The Department of Justice (DOJ) has published a new rule that significantly affects the enforcement of federal immigration-related anti-discrimination laws. The rule takes effect on January 18, 2017. Employers will have greater exposure to immigration-related discrimination claims and face increased liability.
The rule has been broadened to include in the definition of discrimination any intentional treatment that differentiates between employees because of national origin or citizenship status, regardless of the reason for difference. It has also broadened the definition of “hiring” to include actions taken during the recruitment process.
Employers must be aware of the implications. Liability can arise in circumstances where an employer attempts to help noncitizen employees remain current with work eligibility but misunderstands the laws regarding reverification of work authorization.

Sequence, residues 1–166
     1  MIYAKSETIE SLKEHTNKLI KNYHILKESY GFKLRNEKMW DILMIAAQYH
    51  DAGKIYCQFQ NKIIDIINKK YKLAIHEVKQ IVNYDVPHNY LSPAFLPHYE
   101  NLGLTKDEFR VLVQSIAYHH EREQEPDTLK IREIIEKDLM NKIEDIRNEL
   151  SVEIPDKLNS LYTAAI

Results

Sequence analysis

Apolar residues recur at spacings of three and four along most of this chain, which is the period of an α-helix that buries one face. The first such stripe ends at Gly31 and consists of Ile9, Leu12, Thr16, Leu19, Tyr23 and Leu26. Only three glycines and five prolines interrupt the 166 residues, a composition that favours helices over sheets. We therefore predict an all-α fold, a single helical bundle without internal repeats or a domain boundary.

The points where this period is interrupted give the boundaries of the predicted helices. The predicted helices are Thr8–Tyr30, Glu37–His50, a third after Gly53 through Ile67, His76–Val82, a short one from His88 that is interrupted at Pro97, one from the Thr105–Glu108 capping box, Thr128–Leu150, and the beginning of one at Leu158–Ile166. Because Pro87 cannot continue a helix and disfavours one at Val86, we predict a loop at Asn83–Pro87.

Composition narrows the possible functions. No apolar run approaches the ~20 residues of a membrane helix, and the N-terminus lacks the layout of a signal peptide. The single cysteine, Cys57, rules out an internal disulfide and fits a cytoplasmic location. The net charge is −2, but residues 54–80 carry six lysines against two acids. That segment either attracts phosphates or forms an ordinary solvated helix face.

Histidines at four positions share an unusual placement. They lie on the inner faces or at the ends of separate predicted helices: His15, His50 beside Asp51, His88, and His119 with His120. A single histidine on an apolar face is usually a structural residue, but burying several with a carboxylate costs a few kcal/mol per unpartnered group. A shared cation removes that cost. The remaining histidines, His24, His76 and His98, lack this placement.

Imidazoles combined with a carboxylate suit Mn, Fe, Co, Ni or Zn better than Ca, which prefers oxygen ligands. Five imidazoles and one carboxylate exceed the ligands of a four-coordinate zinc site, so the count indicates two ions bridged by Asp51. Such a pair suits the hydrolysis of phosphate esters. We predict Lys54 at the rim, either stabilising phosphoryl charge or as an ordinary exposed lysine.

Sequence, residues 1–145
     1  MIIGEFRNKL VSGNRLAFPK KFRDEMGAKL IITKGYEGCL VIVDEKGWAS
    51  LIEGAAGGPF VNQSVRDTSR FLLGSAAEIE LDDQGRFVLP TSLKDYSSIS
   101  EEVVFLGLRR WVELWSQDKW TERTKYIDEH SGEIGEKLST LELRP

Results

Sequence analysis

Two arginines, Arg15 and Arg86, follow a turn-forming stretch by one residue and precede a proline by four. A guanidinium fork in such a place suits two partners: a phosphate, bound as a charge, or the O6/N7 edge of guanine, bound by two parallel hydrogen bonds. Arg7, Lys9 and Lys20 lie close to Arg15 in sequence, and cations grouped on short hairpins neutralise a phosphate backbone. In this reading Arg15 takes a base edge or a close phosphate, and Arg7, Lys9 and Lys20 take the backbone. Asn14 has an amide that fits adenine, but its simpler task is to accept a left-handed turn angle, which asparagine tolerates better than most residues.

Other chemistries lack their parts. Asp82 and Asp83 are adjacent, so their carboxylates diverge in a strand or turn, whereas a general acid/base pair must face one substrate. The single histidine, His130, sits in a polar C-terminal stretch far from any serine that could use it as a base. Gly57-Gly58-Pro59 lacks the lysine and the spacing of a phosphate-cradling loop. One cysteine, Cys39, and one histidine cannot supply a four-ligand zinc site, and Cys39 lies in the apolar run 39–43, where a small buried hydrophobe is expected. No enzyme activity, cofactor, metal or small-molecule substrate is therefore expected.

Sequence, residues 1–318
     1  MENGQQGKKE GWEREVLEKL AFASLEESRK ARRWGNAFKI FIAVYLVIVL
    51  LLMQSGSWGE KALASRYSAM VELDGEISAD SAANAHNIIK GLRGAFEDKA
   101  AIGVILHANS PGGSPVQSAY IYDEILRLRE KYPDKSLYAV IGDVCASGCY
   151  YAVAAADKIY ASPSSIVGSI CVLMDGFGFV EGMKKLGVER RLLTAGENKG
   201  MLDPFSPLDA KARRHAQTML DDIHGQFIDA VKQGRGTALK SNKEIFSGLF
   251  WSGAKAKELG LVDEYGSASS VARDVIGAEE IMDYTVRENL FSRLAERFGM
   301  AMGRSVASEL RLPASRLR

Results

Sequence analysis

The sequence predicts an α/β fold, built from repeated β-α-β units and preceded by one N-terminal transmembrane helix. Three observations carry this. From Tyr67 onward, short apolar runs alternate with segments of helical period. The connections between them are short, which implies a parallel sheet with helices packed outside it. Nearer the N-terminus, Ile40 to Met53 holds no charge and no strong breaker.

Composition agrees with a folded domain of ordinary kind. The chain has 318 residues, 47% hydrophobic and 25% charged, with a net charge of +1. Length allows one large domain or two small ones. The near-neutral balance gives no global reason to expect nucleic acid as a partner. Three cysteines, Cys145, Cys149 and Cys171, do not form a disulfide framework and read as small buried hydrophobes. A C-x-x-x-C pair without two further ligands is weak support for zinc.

The new rule gives the DOJ five years from the time of a violation to file a complaint or conduct an investigation, a time period which was previously limited to 180 days to bring a complaint and 210 days to commence an investigation. The rule also gives the DOJ broader investigative powers, expanding both the type and potential sources of information it can access.
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